Abstract and Keywords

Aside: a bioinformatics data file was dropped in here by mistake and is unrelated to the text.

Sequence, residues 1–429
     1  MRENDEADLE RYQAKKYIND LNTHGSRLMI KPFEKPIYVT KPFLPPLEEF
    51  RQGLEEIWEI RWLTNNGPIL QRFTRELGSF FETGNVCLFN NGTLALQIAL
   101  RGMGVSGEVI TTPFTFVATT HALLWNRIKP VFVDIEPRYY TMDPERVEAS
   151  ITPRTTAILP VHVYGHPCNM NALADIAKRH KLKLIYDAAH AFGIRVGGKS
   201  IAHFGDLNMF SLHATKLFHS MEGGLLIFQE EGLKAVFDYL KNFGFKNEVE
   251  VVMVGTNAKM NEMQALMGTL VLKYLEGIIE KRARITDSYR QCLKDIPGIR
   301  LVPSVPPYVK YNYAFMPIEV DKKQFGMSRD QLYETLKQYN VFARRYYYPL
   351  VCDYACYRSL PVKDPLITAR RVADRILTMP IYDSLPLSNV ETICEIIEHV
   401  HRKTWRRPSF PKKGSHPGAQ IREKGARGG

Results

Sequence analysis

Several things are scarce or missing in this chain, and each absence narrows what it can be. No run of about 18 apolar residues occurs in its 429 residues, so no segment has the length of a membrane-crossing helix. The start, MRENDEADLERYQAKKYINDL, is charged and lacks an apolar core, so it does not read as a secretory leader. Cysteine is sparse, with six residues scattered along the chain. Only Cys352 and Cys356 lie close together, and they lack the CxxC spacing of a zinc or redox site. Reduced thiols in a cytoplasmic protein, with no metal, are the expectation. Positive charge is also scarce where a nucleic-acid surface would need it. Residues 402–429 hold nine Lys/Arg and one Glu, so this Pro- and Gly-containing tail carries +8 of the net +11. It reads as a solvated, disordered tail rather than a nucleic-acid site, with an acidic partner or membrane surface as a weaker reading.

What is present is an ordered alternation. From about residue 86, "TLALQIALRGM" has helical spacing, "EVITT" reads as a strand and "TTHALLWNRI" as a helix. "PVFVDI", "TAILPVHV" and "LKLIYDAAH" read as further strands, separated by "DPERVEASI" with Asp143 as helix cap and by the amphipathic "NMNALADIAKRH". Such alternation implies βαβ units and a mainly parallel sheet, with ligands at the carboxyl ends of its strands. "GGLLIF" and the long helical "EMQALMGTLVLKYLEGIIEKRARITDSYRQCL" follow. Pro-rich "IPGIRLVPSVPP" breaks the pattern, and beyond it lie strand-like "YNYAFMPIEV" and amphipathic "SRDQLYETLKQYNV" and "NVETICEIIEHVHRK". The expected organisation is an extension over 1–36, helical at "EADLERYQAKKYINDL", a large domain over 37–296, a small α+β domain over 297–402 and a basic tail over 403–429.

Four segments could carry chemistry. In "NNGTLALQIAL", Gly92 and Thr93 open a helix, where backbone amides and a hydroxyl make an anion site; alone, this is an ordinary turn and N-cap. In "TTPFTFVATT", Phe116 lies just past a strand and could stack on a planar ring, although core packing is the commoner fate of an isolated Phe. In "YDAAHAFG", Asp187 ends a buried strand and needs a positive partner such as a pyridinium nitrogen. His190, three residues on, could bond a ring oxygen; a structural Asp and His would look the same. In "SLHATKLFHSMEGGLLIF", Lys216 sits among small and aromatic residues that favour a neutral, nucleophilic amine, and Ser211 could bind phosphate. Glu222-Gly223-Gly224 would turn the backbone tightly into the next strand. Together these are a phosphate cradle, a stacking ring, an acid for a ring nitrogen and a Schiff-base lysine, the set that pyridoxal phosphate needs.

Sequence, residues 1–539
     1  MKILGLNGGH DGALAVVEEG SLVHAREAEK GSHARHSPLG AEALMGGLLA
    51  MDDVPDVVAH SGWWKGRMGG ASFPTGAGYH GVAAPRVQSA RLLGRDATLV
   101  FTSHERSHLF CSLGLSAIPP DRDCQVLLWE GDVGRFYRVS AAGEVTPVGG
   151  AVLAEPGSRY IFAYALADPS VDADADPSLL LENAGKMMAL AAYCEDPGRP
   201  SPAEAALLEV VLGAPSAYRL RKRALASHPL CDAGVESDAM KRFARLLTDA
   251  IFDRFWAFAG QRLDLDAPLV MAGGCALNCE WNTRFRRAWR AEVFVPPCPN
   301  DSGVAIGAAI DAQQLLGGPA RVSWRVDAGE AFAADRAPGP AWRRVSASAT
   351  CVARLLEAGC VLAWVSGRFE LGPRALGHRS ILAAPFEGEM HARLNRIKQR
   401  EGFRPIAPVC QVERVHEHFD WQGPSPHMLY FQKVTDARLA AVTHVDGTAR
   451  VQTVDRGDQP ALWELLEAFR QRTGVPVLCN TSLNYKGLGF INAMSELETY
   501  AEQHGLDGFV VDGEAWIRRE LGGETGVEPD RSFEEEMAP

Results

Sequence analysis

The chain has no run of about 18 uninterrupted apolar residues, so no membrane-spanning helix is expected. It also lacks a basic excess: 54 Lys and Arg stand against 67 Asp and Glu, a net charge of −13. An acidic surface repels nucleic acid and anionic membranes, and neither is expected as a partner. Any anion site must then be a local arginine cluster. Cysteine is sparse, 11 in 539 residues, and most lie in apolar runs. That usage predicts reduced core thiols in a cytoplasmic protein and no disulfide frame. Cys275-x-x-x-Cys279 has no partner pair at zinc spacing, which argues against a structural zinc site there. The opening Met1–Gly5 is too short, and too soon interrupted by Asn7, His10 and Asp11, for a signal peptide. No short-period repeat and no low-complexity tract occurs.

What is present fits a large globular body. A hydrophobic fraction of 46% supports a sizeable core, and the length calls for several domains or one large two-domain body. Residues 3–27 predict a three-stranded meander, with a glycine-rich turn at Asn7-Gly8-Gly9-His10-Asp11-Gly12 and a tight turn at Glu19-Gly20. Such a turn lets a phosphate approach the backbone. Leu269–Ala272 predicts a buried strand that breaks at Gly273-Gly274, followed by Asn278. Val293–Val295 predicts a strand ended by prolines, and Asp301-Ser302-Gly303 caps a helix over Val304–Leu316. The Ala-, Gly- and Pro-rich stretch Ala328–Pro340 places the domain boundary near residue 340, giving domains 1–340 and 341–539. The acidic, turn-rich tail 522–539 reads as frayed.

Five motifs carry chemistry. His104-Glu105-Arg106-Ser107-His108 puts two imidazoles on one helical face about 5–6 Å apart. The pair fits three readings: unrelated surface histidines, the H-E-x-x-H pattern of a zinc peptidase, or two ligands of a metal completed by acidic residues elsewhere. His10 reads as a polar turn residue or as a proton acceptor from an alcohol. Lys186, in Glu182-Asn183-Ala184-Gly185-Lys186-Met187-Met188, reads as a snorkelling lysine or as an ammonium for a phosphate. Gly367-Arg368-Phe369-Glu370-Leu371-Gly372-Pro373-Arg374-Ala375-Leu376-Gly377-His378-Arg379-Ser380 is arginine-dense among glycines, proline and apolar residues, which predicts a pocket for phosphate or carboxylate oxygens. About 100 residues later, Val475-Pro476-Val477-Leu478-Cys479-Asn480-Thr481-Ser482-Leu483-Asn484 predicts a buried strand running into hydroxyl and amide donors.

This chapter examines a number of counter-intuitive suggestions which contest the idea that modernity represents a revolution against top-down, hierarchal schemas of sovereignty previously legitimized by Christianity. The first section reviews the pre- and early modern developments from which modern notions of political sovereignty emerge. The second examines the theological and philosophical development of a view of sovereignty as indivisible in dialogue with the work of Hobbes, Rousseau, and Hegel and their modern reception. It maps the counter-movement in modern theology that critiques indivisible notions of sovereignty by drawing on a Trinitarian doctrine of God and Augustinian and Pauline eschatology. The last section sketches a counter-tradition of thinking about sovereignty as neither indivisible nor in need of dissolution but as inherently distributed through various powers. This countertradition is reflected in the work of Althusius, Otto von Gierke, the English Pluralists, notions of sphere sovereignty, and Catholic Social Teaching, and involves the recovery of an Aristotelian conception of humans as political animals.
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